Alpha thalassemia X-linked intellectual disability (ATRX) syndrome is a condition that affects many systems in the body. Males born with this condition usually show signs from when they are born, including low muscle tone (hypotonia), developmental delay, intellectual disability, genital differences and distinctive facial features. They also have mild to moderate anemia due to a blood condition called alpha-thalassemia. Alpha-thalassemia is a condition where the body does not produce enough hemoglobin which is an important part of the red blood cells that carry oxygen around the body.
The physical features of the condition range from a big impact to not very noticable but the impact on development and intellect are severe. People with this condition have difficulty with speech development and may never be able to talk.
Because it is X-linked, ATRX affects males and female carriers are not usually affected. However, a small number of females who carry a variation in this gene may experience some signs of the condition including specific changes seen in blood tests called HbH inclusions.
As humans we have about 23,000 genes. These genes are like tiny instruction manuals that influence our health, growth and development. We inherit half of our genes from our biological mum and the other half from our biological dad. These genes are lined up on structures called chromosomes. Most of us have 23 pairs of chromosomes. The first 22 pairs are called autosomes and for the most part - these are the same among men and women. The 23rd pair determine our sex - two X chromosomes for a female and one X and one Y chromosome for males.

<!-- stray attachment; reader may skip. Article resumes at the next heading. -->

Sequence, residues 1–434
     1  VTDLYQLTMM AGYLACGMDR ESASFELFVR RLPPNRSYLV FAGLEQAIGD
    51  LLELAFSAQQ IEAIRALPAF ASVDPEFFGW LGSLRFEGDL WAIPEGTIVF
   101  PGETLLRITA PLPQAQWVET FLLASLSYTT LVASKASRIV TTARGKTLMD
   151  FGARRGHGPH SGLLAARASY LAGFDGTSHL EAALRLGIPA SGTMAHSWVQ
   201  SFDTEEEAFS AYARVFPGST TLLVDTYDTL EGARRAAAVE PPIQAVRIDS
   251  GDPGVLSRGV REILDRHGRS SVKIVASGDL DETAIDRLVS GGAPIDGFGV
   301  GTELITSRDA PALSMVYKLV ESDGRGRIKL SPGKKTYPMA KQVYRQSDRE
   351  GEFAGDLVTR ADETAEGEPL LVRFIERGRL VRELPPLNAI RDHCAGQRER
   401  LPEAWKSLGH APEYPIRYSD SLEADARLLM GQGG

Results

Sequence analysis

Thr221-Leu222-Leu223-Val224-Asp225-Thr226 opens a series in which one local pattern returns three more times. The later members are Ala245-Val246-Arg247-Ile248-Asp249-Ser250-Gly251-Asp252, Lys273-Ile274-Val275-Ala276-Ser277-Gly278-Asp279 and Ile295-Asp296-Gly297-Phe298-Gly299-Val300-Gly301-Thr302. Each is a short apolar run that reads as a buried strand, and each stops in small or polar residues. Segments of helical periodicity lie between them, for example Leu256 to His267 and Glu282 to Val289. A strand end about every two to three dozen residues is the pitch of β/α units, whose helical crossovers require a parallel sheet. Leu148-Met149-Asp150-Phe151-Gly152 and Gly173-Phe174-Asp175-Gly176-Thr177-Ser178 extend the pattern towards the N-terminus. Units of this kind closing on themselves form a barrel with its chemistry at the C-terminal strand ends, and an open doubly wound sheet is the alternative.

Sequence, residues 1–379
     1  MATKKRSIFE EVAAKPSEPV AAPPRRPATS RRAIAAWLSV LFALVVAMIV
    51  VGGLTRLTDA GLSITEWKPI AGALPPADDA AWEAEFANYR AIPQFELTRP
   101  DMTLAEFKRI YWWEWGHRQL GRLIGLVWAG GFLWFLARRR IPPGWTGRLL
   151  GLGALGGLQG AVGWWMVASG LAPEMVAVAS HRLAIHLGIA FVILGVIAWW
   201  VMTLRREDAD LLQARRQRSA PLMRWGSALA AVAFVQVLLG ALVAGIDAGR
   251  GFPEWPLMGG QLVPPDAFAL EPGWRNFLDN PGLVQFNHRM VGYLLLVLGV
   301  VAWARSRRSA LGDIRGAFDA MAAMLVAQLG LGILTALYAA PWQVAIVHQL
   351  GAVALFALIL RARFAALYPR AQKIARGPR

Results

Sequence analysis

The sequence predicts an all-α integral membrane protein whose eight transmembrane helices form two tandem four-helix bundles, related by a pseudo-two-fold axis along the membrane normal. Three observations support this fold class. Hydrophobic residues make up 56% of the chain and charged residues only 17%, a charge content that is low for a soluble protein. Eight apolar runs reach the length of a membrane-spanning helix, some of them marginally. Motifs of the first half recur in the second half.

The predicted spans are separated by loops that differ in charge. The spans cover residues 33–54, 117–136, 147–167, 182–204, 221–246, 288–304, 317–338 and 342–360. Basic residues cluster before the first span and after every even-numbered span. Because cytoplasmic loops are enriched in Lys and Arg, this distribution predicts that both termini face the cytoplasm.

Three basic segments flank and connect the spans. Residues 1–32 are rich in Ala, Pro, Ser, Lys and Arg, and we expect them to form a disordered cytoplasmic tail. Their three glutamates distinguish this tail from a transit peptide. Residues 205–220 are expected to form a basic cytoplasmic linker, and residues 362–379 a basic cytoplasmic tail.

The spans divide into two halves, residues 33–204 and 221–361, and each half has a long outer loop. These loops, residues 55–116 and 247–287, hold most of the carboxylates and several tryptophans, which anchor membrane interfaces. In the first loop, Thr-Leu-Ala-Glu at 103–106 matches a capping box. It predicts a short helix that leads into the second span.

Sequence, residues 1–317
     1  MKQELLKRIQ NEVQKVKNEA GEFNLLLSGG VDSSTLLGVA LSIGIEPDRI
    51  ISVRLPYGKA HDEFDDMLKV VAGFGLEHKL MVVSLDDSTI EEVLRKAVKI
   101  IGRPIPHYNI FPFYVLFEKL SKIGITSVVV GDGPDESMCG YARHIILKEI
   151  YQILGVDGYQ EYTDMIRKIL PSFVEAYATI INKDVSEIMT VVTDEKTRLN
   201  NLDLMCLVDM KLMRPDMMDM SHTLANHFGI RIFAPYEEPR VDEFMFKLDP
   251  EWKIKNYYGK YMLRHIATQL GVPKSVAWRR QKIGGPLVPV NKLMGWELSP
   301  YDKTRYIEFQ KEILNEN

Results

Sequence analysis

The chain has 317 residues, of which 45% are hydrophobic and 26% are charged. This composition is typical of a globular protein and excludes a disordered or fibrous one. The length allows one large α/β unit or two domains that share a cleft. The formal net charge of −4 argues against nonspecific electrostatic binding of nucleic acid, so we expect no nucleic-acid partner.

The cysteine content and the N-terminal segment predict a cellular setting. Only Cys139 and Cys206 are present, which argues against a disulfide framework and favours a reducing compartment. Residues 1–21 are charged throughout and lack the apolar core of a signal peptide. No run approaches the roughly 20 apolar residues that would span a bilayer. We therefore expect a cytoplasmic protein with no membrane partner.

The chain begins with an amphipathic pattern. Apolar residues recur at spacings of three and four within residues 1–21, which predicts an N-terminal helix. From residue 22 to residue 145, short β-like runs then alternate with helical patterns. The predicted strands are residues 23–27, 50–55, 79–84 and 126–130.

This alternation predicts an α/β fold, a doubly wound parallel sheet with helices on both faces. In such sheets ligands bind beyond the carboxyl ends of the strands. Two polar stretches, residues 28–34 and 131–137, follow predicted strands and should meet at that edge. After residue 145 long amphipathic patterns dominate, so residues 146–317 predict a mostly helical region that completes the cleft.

alpha-thalassemia X-linked intellectual disability syndrome is an X-linked condition. X-linked conditions occur when there is a genetic variation on the X-chromosome. For these conditions, the sex of the parent who passes on the gene variation influences the risk for the children.
If the father is affected, all his daughters will have a variation on one of their X-chromosomes and be healthy carriers. Sons can only inherit these x-linked conditions from their mother and therefore, in this situation, will not be affected by the disease.
If the mother is a healthy carrier of an X-linked variation and has a son, there is a 50% chance that they could inherit this variant and be affected by the disease. If they have a daughter, there is a 50% chance that they will be a healthy carrier (just like her mum).
Another way of looking at this is that there is a 25% chance of having an affected son and a 75% chance that the child will not be affected by the disease.
Carrier testing is like a checkup for your genes. It tests to see if you carry a gene variation that could cause a serious genetic disease in your child. Eugene offers an inclusive genetic carrier screening panel that includes alpha-thalassemia X-linked intellectual disability syndrome, but there's a total 301 conditions that can be tested.
Eugene’s carrier test is a clinical grade test that can be done from the comfort of your own home — it’s just a saliva test. You're also paired with a genetic counsellor who provides mindful support and guidance every step of the way.Learn more about carrier screening
The biggest benefit of screening for alpha-thalassemia X-linked intellectual disability syndrome is that it can help future parents understand their reproductive risk so they can be ready and empowered to make more informed decisions. If neither partner are carriers, it provides reassurance and peace of mind that the risk of having a child with a genetic disease is low.